- Social distance: it is what a social animal needs to be in contact with its group, the distance we use to interact with people in our daily lives, people with whom we have no friendly relationship, such as a doctor, a mason, etc. It is approximately 1,20m.

- Personal distance: is used in close relationships, such as family and friends. The distance is between 45-120 cm. If we stretch the arm, we get to touch the person with whom we are holding the conversation.

- Intimate distance: is the closest and is limited to people with whom you have some intimate connection, such as family, couple, friends. The communication will also be made through the look, touch and sound. The distance can range from 0 to 45 cm; if it is less than 15 cm, it is considered a sub-intimate zone or an intimate private zone.

We think, that in population with somatic diseases and especially in the serious diseases that are incapacitating and require multiple treatments and hospital admissions, these distances will be modified. At least, in the process of transplantation, by an essential factor that is immunosuppression and its consequences, one of them the physical isolation required to avoid exposure to infection.


The concept of distance taken by Hall is a measurable concept. When in psychoanalysis we speak of distance, we refer to an abstract idea, not easily measurable, that allows us to say that a patient places an emotional distance or that establishes a double distance with the object.

The idea of distance, both physical and psychic, is a theoretical construction that develops arbitrarily to establish an order in real space that escapes our possibility of perception and even understanding.

There is a concept of distance established by physics that we could define as the interval that separates two points in space. But according to the dictionary of the RAE, distance

account the intrapsychic but also the intersubjective, allows proposing the concept of affective distance as the result of both types of distance: the physical and emotional (Ulnik, 2004).

Following the theoretical framework of proxemics, there are distances that progressively move away and correspond to different social areas that Hall separated into intimate, personal, social and public. Related to the classification of this author, Ulnik formulated a test with a similar scheme to measure the different emotional distances.

The test examines the ability to distinguish different affective distances for each link. In this way, what we observed in the clinic regarding the doctor-patient relationship and the therapist-patient relationship materializes, for example, because we can observe both fusional distances and of symbiotic and distant and contradictory characteristics (Ulnik, 2014).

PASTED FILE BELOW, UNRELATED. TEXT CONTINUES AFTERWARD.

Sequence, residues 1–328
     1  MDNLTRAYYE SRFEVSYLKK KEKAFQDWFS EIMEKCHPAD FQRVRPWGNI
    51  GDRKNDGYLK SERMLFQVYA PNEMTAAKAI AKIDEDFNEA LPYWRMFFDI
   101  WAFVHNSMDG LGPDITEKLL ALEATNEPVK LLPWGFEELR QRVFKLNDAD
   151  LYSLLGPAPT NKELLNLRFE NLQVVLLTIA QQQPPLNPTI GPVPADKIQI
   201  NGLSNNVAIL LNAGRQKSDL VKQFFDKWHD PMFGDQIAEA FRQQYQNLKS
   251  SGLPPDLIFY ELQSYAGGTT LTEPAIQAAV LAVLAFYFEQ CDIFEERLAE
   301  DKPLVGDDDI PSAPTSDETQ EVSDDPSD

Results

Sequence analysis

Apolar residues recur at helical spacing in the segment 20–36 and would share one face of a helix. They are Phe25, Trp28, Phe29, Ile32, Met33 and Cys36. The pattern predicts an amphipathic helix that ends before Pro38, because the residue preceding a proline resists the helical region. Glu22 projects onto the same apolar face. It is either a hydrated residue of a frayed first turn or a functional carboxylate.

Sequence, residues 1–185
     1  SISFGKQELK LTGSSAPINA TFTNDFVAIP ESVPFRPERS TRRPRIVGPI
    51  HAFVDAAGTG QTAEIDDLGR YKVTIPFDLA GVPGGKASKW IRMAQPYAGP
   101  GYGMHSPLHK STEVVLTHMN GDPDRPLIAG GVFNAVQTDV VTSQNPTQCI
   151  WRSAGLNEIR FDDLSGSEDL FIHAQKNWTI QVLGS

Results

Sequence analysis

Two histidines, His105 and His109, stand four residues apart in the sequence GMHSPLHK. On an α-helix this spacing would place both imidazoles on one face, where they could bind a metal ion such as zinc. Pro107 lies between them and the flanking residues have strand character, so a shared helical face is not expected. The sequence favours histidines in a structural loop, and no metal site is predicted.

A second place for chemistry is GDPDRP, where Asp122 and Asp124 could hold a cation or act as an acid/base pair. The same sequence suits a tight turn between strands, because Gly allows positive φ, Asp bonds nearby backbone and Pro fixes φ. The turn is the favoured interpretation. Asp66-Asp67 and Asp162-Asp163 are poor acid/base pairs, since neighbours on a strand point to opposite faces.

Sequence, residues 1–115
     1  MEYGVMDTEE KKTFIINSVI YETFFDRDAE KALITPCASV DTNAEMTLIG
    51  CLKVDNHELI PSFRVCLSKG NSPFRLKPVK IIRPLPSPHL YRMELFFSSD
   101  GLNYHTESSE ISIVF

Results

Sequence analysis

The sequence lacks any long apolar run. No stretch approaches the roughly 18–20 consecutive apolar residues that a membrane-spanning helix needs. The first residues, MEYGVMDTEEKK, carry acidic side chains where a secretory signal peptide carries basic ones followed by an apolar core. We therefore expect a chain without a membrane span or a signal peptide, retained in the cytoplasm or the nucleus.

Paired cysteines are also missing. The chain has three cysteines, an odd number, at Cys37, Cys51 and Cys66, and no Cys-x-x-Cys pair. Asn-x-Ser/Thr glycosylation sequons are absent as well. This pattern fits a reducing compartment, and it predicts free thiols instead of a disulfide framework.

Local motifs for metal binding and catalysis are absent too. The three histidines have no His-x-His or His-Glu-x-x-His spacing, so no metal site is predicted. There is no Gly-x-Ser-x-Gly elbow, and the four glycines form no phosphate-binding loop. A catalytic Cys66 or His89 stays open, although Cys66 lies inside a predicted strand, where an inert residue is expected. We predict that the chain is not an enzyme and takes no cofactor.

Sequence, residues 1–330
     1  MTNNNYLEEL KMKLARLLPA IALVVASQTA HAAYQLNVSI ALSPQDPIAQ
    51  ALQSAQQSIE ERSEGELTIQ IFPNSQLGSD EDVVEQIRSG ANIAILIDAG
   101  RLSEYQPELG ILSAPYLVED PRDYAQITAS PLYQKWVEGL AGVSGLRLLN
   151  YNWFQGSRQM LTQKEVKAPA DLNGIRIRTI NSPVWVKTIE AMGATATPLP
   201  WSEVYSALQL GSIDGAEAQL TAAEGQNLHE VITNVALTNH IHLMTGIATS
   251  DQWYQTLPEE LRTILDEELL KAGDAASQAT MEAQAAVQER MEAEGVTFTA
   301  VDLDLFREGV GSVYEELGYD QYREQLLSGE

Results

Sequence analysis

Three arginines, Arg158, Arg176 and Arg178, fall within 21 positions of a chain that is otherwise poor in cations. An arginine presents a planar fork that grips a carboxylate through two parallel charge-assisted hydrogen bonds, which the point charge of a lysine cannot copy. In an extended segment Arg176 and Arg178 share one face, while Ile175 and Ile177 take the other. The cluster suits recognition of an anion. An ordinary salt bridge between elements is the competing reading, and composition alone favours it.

Some authors have stated that patients classified as difficult to treat there is an internal conflict, characterized by their need for proximity to others and at the same time fear of such closeness, which generates distance behaviors. Ulnik et al, (2014) have studied this internal conflict of proximity and distance, through ADD, in patients with chronic skin diseases that are difficult to treat (Ulnik et al, 2014).

In our opinion, patients with hematological diseases have several points in common with dermatological patients, such as, for example, the chronicity of the disease, frequent visits to the doctor and the difficulty of their treatment. And as with patients with skin diseases, in some patients with hematological cancer, good adherence is observed to the person of the doctor and in others, on the contrary, there is a tendency to detach abruptly. Ulnik translates it as behaviors that are the expression of fantasies and mechanisms of unconscious defenses that arise in response to vital experiences of childhood that involve the most significant relationships with primary objects. And he has considered that the proximity-distance conflict could be related to a cold mother or a captive mother and that attachment experience would determine behaviors that later manifest themselves in the relationship with the doctor and in the way in which the subject links with his disease (Ulnik et al, 2014).


and difficulties to establish a relationship of interpersonal trust. And it is that difficulties arise in the doctor-patient relationship; Due to the same chronicity of the disease, the patient adopts a series of behaviors that transform him into a difficult patient. Most investigations conclude that it is essential to improve patient medical communication and that the physician must take into account the subjective discomfort that the patient presents (Ulnik, 2004).


Our objective in this research is to find out the importance that the patient-doctor relationship has on the prognosis of the disease and to suggest how these patient-medical interactions respond to patterns built in the first stages of an individual’s development.

And emphasize that the responses of patients in these interactions can be interpreted by professionals as hindering reactions, when we could give the value of indicators of fears, and so calm and accompany, facilitating a positive variation in the response.

For this we take patients in the process of bone marrow transplantation, because as medical psychoanalysts in a hospital we were consulted by many of these patients from the Onco-Hematology Service.

Bone marrow transplantation is a highly specialized and complex medical procedure, which aims to replace bone marrow tissue and is used primarily for the treatment of patients with hematological cancer such as leukemia, myeloma, lymphoma or others.

There are many studies that talk about psychosocial variables related to the outcome of the bone marrow transplant, although the information about its influence is contradictory.


What variables have been studied?

1. Psychological Variable: Affective patient-doctor distance measured before the bone marrow transplant, with the Affective Distances Test (in mm), and then grouped into categories. For the analysis we have used these distance categories, which for the Patient-Doctor relationship are: 1-in contact, 2-reachable, 3-close, 4-distant, 5-very distant (see Tables 1 and 3). 2. Biological variable: Post-transplant Global Survival